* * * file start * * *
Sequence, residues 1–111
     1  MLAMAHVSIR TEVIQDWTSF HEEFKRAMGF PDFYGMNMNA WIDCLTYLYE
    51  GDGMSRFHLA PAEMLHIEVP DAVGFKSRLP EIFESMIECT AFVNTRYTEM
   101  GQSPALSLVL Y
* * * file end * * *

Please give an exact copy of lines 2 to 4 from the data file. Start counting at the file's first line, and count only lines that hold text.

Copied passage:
     1  MLAMAHVSIR TEVIQDWTSF HEEFKRAMGF PDFYGMNMNA WIDCLTYLYE
    51  GDGMSRFHLA PAEMLHIEVP DAVGFKSRLP EIFESMIECT AFVNTRYTEM
   101  GQSPALSLVL Y